Orkney & Shetland 2019 - Day 20
Shetland: South to Sumburgh Head
The southern point of Shetland is the high headland of Sumburgh Head. It is a reknowned bird nesting sanctuary. On our way south we stopped to visit the restored water mill at Queandale and the Croft House Museum.
Quendale Water Mill
Grain crops were a staple part of the work of crofters. They grew barley and oats and also a type of barley known as "bere". The grain needed to be ground to flour, this was often done by hand but a better quality flour was obtained by using a large mill. There were once many water-powered mills cross Shetland but today the mill at Qieandale is the only one remaining. Iy has been fully restored to working condition.
Jarlshof Pre-historic settlement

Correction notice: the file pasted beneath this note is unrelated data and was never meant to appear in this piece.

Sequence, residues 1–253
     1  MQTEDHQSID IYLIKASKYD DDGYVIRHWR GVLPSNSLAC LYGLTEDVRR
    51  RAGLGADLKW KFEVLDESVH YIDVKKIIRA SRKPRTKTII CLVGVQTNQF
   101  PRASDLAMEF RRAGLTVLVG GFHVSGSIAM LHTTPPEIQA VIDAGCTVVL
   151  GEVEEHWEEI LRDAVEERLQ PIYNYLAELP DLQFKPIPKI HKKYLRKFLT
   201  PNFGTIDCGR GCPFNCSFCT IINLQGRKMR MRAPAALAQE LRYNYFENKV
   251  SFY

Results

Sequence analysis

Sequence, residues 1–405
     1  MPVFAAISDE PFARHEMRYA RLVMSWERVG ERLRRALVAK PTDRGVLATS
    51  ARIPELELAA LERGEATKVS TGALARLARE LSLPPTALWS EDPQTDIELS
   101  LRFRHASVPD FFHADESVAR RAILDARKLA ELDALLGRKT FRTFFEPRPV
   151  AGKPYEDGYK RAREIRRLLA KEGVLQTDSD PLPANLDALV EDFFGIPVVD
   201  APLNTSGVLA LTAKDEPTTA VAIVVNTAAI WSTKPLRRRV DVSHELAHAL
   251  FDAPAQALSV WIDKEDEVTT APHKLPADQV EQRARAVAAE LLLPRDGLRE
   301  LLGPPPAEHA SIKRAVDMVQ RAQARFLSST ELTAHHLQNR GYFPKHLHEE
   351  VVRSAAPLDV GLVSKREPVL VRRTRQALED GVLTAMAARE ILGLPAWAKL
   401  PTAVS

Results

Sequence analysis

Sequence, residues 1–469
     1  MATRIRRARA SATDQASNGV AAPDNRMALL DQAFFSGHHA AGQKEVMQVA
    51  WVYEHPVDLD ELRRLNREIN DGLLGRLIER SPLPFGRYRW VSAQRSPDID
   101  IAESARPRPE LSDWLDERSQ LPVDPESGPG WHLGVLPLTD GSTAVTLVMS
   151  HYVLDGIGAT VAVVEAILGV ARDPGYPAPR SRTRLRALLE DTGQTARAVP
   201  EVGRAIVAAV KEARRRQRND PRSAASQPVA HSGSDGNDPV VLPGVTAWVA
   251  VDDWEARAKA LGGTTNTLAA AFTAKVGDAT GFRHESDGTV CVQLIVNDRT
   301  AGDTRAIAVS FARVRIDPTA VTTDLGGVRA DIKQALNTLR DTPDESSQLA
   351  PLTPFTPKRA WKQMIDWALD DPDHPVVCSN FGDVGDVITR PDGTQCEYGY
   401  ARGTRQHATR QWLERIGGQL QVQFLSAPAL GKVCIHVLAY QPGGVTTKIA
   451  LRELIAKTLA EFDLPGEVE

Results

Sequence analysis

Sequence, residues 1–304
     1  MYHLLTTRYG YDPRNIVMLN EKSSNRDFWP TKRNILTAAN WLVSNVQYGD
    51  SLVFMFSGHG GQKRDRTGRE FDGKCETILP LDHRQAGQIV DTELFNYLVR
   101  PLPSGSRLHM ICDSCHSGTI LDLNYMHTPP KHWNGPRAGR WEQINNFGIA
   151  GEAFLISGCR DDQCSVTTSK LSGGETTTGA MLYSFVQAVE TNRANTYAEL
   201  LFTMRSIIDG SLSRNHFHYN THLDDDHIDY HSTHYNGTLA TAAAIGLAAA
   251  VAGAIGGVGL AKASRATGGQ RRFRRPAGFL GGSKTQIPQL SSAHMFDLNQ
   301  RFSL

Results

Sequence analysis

Near the southern end of the island, and in the grounds of the Sumburgh Hotel lies the archaeological site of jarlshof. Although known by its Viking name, it actually has remains dating from 2500BC right up to the 17th Century AD. The day we visited the Visitor Centre was closed (no explanation why) so we bought the guide book from the hotel (where you pay the entrance fee) and walked around. Despite the bright sunshine the wind was biting cold on the exposed site.
Croft House Museum
Close to the water mill at Dunrossness is a croft house. It was occupied until 1963 and has been preserved just as it was at that time. It contains several box beds and a range of spinning and knitting equipment. It was heated with a peat fire that was burning slowly when we visited.
Sumburgh Head Bird Sanctuary
Sumburgh Head lies at the southern end of Shetland, looking out over the meeting of the North Sea and the Atlantic Ocean. Its cliffs are home to thousands of birds mostly guillimots, kittiwakes and puffins. On the day of our visit nearly all the puffins were out at sea fishing.
Last updated: 20/02/2019